Pg. 4 - Introduction
Pg. 5-7 - Methods and materials; data form
Pg. 8 - Expected results and benefits
Pg. 9 - Timeline
Pg. 10 - Disseminating research results
Pg. 11 - Literature cited
Pg. 12 - Budget
Plants need light to grow. The problem that I am exploring is whether or not the type of light a plant receives will effect the growth of the plant; specifically Tagetes patula, a type of dwarf marigold.
My objective is to determine if Tagetes patula growth is effected by the type of light that the plant is grown in. My hypothesis is that Tagetes patula will grow better in natural (sun) light than in artificial (incandescent) light.
I plan to accomplish my goal by growing Tagetes patula in an experiment to test under which light source the plant type will thrive best. Two groups of Tagetes patula will be grown with only one light source for each; one with sunlight only and one with incandescent light only.
My expected results are that the Tagetes patula grown in the sunlight will grow better in a noticeable way; perhaps faster, larger and/or more hearty than the Tagetes patula grown in incandescent lighting.
“Light…supplies the energy upon which plant life is based…The effects of light quality on plant life are manifold (Stolwijk & Wassink)”. The fact that plants need light to run the processes necessary for their survival is commonly known and has been studied extensively. As Stolwijk stated it supplies their energy and “also plays an important role in directing this energy along the various possible metabolic pathways.” Light would almost always be a large factor in any type of experiment done with plant life. “Effects of light quality on various phases of growth and development have been studied in almost every major group of plants.”
Plants need light to survive and my experiment examines which light type yields better growth in Tagetes patula. I hypothesize that Tagetes patula will grow better in sunlight than in incandescent light because of the difference in the light quality. My null hypothesis is that there will be no difference in plant growth whether Tagetes patula is grown in sunlight or incandescent light which would result in the conclusion that there is no difference in the quality of the two light types.
Methods and Materials
Research subject is the plant Tagetes patula a type of dwarf marigold. The materials used were 2 Ferry-Morse peat pellet trays, Ferry-Morse marigold seeds, tap water, miracle grow, Ferry-Morse plant labels, a plastic syringe, a sharpie, a gallon plastic jug, and a small votive candle holder.
Each peat pellet tray contained 12 peat pellets, 3 seeds were planted in 4 pellets, 5 seeds in 4 pellets and 8 seeds in 4 pellets, this process was done for both subject groups (trays). The sections of the trays were labeled as follows: the 4 pellets containing 3 seeds in Test Group 1 (Sunlight only) were marked G1S3 for Group 1 Seeds 3 on the label stick with a sharpie, the 4 pellets containing 3 seeds in Test Group 2 (Incandescent only) were marked G2S3 for Group 2 Seeds 3 and so on with the pellets containing 5 and 8 seeds for each group. One tablespoon of Miracle grow flower food was added to one gallon of tap water and as the experiment was conducted each pellet received 4 cc of this water every other day. The plants sprouted on day 5 after being sown and were watered the first time on day 6. The water/fertilizer mixture was added to the pellets by pouring an amount from the jug into a small candle holder for easier access, withdrawing 4 cc from the candle holder with the plastic syringe and watering each pellet in turn.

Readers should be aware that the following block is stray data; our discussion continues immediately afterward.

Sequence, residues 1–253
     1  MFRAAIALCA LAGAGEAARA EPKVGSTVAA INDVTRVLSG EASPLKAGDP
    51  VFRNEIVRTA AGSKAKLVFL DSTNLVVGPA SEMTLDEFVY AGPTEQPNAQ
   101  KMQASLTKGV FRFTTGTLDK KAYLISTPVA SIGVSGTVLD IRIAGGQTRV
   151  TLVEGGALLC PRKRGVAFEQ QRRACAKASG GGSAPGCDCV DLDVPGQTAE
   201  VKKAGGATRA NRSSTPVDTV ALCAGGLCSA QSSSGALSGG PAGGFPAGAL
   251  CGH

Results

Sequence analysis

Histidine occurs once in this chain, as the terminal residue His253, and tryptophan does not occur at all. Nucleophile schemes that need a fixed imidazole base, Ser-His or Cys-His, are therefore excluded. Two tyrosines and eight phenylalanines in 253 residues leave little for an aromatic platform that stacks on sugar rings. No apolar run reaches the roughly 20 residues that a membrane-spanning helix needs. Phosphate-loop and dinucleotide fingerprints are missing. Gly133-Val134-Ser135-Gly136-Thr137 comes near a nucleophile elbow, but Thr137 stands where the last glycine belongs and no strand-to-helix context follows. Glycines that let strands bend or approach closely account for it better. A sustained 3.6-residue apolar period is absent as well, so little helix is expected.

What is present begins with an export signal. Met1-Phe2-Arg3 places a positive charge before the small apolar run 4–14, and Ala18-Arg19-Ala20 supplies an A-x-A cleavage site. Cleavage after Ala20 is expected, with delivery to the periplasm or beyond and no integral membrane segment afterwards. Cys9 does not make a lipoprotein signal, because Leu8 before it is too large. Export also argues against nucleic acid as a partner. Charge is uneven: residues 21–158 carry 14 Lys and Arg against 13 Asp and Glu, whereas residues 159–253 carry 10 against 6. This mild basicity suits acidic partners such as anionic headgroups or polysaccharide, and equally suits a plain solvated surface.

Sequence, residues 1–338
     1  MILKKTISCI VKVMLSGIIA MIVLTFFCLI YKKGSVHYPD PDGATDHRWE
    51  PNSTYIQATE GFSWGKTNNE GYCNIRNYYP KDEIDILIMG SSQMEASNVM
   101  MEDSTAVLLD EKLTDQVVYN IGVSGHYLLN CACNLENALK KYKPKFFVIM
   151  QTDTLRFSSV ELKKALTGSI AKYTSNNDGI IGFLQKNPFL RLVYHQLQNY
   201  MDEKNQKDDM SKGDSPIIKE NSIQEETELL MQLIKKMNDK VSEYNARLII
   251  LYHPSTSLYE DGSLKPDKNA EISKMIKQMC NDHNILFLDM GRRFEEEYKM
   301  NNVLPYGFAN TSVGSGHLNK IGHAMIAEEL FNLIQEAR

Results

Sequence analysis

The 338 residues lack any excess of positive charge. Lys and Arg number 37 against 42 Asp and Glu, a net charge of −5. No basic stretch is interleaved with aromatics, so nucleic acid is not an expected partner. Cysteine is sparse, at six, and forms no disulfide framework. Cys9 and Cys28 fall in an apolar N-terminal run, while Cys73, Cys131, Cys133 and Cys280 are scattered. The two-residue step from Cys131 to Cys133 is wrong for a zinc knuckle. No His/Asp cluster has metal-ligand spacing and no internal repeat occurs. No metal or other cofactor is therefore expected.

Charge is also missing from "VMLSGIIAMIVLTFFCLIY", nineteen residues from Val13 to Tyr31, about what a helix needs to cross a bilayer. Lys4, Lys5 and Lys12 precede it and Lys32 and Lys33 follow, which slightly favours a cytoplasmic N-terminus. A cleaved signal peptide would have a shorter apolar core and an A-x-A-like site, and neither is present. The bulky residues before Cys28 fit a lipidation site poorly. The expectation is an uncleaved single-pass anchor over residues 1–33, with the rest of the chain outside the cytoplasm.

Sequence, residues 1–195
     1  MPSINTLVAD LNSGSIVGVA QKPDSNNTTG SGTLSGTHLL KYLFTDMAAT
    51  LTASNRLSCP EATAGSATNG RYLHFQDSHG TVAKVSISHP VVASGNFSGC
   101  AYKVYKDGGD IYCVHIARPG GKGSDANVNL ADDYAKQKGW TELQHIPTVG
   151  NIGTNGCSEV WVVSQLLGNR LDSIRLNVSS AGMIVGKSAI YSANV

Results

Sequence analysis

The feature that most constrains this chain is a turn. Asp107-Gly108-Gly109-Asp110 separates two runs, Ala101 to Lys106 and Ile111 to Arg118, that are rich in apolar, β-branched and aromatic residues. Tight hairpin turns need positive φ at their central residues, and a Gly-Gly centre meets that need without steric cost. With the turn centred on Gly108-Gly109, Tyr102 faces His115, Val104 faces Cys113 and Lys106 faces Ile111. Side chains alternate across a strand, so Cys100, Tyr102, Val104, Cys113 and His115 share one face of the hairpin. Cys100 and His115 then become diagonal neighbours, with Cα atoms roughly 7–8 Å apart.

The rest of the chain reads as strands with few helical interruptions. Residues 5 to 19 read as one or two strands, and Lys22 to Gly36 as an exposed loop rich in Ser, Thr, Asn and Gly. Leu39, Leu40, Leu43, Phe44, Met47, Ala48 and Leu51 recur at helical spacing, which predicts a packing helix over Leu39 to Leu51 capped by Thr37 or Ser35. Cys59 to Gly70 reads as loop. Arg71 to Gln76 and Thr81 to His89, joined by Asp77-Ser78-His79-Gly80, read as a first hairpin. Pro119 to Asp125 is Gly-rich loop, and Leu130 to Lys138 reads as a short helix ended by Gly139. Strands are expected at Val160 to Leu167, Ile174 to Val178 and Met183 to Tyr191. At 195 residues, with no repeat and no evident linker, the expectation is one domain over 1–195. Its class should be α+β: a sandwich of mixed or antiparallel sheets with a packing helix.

The only variable in the experiment was the light source all other factors were the same for each test group including time of exposure to each type of light. The experiment was performed in my home, Test Group one placed on a windowsill and treated without being exposed to incandescent lighting and Test Group two treated in an internal room (a bathroom) that received no sunlight.
Data is to be processed by harvesting the plants from each group and comparing their average stem heights per pellet seed # group (3, 5 and 8), average number of leaves per plant per pellet seed # group and average number of plants per pellet per seed # group. (Brown 2008)
Expected Results and Benefits
The expected results are that Tagetes patula will grow better in sunlight than in artificial light which will refute the null hypothesis by proving that there is a difference in plant growth when grow in different light types.
Benefits are finding out which light type Tagetes patula grows best in to aid in the growth of healthier, heartier marigolds.
Disseminating Research Results
Research could be communicated by giving a presentation of my experiment and results or writing a research paper for my experiment and results and having it reviewed and published.
Stolwijk, J. A. J., and E. C. Wassink. 1956. Effects of Light Quality on Plant Growth. Annual Review of Plant Physiology 7: 373-400.
*Included in wages is cost of water and electricity for experiment.
Jug, sharpie, syringe and candle holder were free materials I found around my house.